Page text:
*submitted to the Duluth News Tribune for publication on 05-11-2009

Paul R. departs, meets Pochard arriving

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If we are only going to have one boat in the port today, it might as well be the largest boat on the Great Lakes. That boat, the Paul R. Tregurtha, will make 2 appearances under the Lift Bridge today, one coming in just before noon, and again when it departs about nine hours later on the way to deliver 35,000 tons of coal to the Detroit Edison power plant at St. Clair, Michigan and 28,000 tons of coal to their Monroe, Michigan power plant. The Tregurtha is seen above departing the port (left) on July 19, 2007 while the salt water vessel Pochard, just to the right of the Tregurtha, is about to enter the ship canal. Photo taken on July 19, 2007
*submitted to the Duluth News Tribune for publication on 05-10-2009

Atlantic Erie under the Aerial Lift Bridge

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Salt water ships arriving in Duluth by definition came from the other end of the St. Lawrence Seaway system where the St. Lawrence River meets the Atlantic Ocean. Those ships continue across the Atlantic to ports in Europe and Africa. Some go south to Venezuela. Very few US flagged vessels get to the ocean. Several Canadian flagged boats have recently loaded cargo here for ports on the Atlantic Ocean. The Atlantic Erie will be here today to load coal for Nova Scotia Power in Sydney, Nova Scotia, a port on the Atlantic Ocean. The boat is named for both an ocean and a lake, reflecting the vessel’s dual capabilities. It is seen above coming under the Lift Bridge in early April when it also loaded coal for Nova Scotia Power. Photo taken on April 11, 2009
*submitted to the Duluth News Tribune for publication on 05-09-2009

American Century as her former self

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The American Century and the American Integrity will both be in port today. It is the 3rd weekend in a row that both have been here together. The first two times the Century arrived first. With both loading coal, the Integrity had to wait each time. Things will change today. The Integrity is expected just before noon, the Century just after noon. But this time, the Century will be loading taconite at the CN Dock in West Duluth, just across the St. Louis River from Midwest Energy where the Integrity will be loading coal. The photo above shows the American Century departing Duluth in 2004 when it was called the Columbia Star.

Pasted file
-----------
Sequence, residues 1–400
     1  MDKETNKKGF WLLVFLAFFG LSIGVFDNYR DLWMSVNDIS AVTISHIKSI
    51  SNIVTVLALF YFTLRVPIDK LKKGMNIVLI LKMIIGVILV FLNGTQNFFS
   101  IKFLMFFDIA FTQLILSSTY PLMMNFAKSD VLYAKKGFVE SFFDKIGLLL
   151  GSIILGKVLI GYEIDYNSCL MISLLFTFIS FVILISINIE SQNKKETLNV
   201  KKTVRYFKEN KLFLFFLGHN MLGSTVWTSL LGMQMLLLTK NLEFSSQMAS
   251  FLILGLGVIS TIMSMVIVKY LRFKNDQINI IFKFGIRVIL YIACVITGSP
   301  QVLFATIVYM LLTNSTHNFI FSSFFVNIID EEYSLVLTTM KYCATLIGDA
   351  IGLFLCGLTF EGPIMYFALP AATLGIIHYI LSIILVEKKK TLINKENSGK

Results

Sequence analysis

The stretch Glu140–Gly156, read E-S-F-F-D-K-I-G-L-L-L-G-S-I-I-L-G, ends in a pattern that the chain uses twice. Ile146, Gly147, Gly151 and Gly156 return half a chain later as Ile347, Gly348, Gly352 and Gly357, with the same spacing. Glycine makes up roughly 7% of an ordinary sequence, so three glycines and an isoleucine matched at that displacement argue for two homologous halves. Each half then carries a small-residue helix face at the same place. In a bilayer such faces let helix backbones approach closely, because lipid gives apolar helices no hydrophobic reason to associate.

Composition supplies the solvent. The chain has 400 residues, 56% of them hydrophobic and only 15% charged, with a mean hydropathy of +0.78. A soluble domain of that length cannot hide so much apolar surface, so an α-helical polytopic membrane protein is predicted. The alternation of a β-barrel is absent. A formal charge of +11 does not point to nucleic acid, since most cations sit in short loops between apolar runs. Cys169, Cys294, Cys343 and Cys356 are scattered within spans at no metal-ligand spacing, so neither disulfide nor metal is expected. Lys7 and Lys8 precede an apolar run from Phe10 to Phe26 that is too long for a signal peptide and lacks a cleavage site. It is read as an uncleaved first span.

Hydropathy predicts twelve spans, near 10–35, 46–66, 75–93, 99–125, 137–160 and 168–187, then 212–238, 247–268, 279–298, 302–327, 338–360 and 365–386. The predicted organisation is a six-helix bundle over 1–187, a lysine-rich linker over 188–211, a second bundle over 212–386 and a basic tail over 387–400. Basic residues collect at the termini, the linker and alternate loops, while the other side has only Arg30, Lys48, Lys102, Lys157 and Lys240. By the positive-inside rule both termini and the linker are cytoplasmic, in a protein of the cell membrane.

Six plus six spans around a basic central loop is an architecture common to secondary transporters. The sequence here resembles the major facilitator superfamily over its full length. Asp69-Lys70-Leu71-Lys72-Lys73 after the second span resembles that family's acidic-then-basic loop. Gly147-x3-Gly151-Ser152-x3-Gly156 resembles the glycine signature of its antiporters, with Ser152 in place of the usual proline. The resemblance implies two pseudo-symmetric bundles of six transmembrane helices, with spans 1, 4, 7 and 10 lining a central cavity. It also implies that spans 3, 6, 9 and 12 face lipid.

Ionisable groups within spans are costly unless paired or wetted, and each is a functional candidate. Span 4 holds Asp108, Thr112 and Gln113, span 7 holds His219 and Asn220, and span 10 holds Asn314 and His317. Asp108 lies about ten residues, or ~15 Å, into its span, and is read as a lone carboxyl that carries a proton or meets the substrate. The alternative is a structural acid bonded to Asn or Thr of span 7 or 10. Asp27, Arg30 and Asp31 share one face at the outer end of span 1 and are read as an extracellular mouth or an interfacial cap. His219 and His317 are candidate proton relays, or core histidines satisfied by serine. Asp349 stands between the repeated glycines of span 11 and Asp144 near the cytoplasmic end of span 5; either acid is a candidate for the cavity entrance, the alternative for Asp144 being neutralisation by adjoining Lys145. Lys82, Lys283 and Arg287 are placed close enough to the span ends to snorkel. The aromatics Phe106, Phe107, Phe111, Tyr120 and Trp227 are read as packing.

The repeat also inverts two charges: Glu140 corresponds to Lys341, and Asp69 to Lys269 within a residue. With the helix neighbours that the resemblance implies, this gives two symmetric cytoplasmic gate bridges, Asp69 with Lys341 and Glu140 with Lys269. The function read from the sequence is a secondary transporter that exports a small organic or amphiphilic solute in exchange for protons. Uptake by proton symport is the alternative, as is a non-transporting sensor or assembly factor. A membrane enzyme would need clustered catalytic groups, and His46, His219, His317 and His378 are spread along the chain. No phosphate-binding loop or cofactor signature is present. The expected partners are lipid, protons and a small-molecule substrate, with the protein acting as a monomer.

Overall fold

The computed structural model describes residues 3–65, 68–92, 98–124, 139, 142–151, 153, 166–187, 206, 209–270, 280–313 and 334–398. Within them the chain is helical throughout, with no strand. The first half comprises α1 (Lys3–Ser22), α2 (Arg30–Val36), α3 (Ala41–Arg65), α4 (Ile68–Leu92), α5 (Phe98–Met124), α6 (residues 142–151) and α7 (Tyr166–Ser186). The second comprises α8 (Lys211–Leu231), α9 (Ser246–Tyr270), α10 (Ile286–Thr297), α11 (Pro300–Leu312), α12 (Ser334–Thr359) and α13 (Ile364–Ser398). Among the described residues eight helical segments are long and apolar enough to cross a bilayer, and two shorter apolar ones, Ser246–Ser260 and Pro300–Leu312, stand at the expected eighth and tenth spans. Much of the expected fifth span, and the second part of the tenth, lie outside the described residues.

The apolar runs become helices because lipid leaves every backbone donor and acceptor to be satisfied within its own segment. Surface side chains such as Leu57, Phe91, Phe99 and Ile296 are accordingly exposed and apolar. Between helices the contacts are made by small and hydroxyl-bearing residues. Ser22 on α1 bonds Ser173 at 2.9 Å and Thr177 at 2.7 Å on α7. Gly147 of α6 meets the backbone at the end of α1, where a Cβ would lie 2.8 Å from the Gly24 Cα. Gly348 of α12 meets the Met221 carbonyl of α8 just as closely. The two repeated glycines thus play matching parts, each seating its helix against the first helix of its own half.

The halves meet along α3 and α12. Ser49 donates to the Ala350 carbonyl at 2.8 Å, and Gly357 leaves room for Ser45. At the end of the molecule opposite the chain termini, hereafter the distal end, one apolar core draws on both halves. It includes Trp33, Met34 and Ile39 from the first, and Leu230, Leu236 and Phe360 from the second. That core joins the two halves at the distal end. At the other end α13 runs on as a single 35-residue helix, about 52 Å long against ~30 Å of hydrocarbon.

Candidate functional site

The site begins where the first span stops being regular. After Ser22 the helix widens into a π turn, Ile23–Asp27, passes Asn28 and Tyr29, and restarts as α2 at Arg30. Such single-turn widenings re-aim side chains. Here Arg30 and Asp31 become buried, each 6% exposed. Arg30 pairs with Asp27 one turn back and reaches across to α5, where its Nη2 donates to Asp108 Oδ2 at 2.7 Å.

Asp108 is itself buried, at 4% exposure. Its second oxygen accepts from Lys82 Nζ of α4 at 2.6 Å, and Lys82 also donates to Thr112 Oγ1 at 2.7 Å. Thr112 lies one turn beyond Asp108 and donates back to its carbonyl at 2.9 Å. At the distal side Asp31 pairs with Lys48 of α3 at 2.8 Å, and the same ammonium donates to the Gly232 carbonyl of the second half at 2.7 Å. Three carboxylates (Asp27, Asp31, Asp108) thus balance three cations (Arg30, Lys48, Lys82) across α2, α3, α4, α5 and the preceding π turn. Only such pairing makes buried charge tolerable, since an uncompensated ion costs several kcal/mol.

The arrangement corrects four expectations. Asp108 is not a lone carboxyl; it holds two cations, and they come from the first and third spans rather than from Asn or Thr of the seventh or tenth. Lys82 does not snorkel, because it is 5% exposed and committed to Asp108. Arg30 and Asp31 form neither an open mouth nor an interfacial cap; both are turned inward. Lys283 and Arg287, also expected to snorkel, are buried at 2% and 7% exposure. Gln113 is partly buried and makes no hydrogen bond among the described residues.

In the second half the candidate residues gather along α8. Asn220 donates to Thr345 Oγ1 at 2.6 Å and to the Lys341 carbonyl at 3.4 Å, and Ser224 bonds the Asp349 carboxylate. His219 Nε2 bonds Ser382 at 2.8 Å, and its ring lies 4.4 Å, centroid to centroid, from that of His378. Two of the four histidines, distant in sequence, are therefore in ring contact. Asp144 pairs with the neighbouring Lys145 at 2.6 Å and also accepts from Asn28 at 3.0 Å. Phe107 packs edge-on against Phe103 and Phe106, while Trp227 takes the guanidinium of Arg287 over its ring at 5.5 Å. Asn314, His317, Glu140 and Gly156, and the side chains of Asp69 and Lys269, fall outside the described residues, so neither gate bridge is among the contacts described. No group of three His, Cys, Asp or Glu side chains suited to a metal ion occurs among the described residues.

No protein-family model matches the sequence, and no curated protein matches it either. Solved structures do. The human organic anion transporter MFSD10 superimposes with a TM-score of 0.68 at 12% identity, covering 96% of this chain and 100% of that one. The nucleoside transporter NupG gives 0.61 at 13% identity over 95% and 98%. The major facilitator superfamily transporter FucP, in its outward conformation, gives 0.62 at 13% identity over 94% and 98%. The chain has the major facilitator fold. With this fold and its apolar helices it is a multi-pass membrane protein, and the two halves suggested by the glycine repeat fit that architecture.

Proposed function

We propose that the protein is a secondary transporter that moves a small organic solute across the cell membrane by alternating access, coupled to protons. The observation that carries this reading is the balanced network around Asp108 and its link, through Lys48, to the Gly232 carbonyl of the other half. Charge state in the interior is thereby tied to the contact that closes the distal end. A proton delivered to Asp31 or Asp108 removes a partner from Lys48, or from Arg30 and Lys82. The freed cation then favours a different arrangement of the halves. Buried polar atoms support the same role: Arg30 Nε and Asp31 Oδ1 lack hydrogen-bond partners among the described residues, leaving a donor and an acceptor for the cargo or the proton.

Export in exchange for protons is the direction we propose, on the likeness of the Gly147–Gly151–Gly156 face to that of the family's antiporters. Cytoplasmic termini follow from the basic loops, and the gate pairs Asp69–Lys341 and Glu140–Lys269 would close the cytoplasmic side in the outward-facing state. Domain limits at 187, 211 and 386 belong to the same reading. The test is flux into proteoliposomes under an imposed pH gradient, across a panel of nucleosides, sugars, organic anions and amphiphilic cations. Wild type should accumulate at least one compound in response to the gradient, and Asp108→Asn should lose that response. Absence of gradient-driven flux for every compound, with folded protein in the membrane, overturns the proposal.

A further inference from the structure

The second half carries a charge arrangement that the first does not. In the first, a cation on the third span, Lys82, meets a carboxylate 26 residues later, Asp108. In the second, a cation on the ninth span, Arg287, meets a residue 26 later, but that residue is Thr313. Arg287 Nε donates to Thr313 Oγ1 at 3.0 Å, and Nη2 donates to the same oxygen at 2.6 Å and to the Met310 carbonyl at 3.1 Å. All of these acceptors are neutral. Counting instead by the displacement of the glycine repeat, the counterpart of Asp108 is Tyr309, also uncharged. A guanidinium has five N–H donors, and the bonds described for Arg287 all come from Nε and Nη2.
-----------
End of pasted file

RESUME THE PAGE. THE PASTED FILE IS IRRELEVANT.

*submitted to the Duluth News Tribune for publication on 05-08-2009

Rt. Hon. Paul J. Martin arriving Duluth

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Two Canadian flagged boats will be arriving in port today, both loading coal. The Canadian Olympic will go to Nanticoke in Ontario but the Rt. Hon. Paul J. Martin, seen above arriving in port on January 11th this year, will take its cargo of coal out of the St. Lawrence Seaway system to the ocean port of Belledune, in New Brunswick, Canada, just north of Maine. It is nice to see two Canadian boats today. Through April, we only had 15 Canadian flagged vessels in port, last year there were 37 Canadian flagged ships here before May 1st. Photo taken on January 11, 2009
*submitted to the Duluth News Tribune for publication on 05-07-2009

Sea Robin/barge Hugh in Duluth harbor

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The tug Sea Robin arrived in Duluth on Tuesday afternoon at 2:30 (above). It was pushing the barge Hugh with a cargo of calcium chloride for the Hallett #8 dock in Superior. Calcium chloride is a high grade liquid (42% salt content) that needs to be diluted a bit here before it is sent to the end customer, mostly county highway departments in Minnesota. They use it to keep the dust down on road construction and maintenance projects. Photo taken on May 05, 2009
*submitted to the Duluth News Tribune for publication on 05-06-2009

Tug barge makes first Twin Ports appearance

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The tug barge combination Sea Robin and barge Hugh came under the Lift Bridge on Tuesday afternoon at 2:30. Cargo: liquid calcium chloride loaded near Ludington, Michigan.

Walter J. McCarthy Jr. departing Duluth

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The tug Sea Robin is expected in port today with a cargo of calcium chloride on a barge named Hugh. This is the first visit to the Twin Ports for the Sea Robin, a tug that is more often found in San Francisco and other west coast ports. It loaded the liquid cargo at a Dow Chemical facility in Ludington, Michigan. The Walter J. McCarthy Jr. probably departed the port earlier this morning with a cargo of coal for Nanticoke, Ontario. It is seen above approaching the Lift Bridge in September, 2001.